Your commentary here can really be applied to most industries. Look at the Walmart strike...some of the same ideologies. Businesses have long been using part-time employees in an effort to bring-down costs by not providing benefits.

Wisewebwoman said...

Not to mention that us customers of restaurants have to supplement the wages of the staff via gratuities!

Here in Newfoundland, the food and health department have made public every single restaurant inspection. Hallelujah I say. At least we can be sure of the sanitation practices.

We, the consumers, are caught on the horns of a dilemma with regard to patronising the most abusive of the giants.

I personally don't do chains, whilst sympathizing with their downtrodden workers.

It is difficult. but we are all culpable in this world we have created.


Twilight said...

mike ~~ Hmmm - I didn't know about the agricultural workers here being poorly paid also.

Unions are missing or weakened to the point of being ineffectual - that's the hub of the whole problem, isn't it? Same applies to Walmart staff, and I'm so glad to see them uniting against the injustice, even without Union backing, and in the process raising awareness all round. More and more of this type of activity is essential if anything is ever going to to change for the better here.

You could be exactly right about the worst of the comments I mentioned, Mike. When reading anything on the net, there's always a danger of being misled - particularly on comment threads such as those. As you say, the negative reaction of commenters could well have accounted for the quick walk-back of remarks and intentions by some CEOs.

I've known a lot of folk involved in the food trade through the course of my life, too - including my parents who ran their own small bakery and shop in Yorkshire; later in life Dad worked in a big hotel as pastry chef. I was married (disastrously) and briefly in my youth to a head waiter, did a stint of working in hotel offices for several years - with easy access to kitchen and restaurants there.
Back then, in the UK, things were not nearly as bad for staff. In the UK the National Health Service - often maligned by natives, but brilliant compared to the travesty that is health insurance industry here, forms a universal safety net for all.

Also in the UK Employment Laws are probably a tad more stringent than in the USA. I worked for 24 years in the admin dept. of the Employment Tribunal Service, so have personal experience of how employment complaints were handled.

Overall, it's lack of union strength that is at root of many problems here. It'll return - in some form - balance demands it. Nature requires balance. :-)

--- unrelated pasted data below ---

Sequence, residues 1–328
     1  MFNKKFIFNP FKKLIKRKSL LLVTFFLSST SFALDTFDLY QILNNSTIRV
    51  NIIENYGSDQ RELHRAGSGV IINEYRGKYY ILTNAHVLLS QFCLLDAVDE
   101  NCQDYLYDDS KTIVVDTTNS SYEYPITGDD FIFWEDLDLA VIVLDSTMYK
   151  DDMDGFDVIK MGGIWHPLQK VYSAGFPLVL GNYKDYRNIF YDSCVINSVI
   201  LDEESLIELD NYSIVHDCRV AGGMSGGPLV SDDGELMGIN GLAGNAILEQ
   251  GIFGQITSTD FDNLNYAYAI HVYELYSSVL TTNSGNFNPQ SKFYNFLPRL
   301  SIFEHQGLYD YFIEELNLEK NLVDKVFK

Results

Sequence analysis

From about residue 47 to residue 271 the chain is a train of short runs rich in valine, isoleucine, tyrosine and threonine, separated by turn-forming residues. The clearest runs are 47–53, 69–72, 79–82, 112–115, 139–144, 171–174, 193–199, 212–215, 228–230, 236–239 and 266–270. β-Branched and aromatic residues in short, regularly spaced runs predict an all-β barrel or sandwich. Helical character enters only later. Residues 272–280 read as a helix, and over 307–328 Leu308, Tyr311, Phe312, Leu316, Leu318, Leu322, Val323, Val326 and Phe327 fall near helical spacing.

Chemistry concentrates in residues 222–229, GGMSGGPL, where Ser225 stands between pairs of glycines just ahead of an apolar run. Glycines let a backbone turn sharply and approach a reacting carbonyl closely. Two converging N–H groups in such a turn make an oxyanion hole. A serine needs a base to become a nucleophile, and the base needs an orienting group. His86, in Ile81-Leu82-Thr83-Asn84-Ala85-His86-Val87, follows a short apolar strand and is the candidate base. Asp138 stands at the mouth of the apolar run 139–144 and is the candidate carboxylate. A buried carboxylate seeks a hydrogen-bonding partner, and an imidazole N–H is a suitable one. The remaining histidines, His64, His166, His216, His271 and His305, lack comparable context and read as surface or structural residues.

Twilight said...

Wisewebwoman ~~ Gratuities of 15% to 20% are a definite requirement in the USA, yes.

Good for Newfoundland authorities - that's a step in the right direction, health-wise.

I have nothing against most restaurant chains, apart from the way the staff are treated by management. In this, middle, "flyover" area of the US nice privately owned places are few and far between. We do the best with what we've got, I guess. We don't eat out a lot unless out of town, away from home on a trip, or for a celebration meal with family members, occasionally.

I guess the people are culpable, WWW up to a point - mainly for not being aware and watchful of what was and is going on right under their noses for so long. Now it's late in the day, the corporations and oligarchs have gained great strength and power, more than the people can easily stand up against. Not stand against easily anyway - but, if nothing changes for the better, stand up they will. Depend on it!

Twilight said...

Don't know why silly Blogger leaves big gaps under comments sometimes.
Danged new interface, I suppose.

LB said...

Elitist comments aside, like you, I can understand why well-meaning people might want to boycott under certain conditions, although I think the bigger issue here is that under the President's plan many Americans will continue to remain without affordable access to health care.

With insurance costs so high (much higher than they were 20 or 30 years ago), I also worry that many of the employers who do comply with the insurance mandate will find reasons to lay off, cut hours of, or fail to hire *older* employees because the premiums to insure them are generally higher. Insurance is and will remain *very* expensive.

Talk-show host and comedian Jon Stewart pointed out during one his recent shows, that none of these businesses would have had to worry had the President fought for a Single-Payer system, which I continue to support. I would encourage others who are understandably concerned and frustrated by the reality of continuing disparities under the Affordable Care Act to investigate and consider doing the same.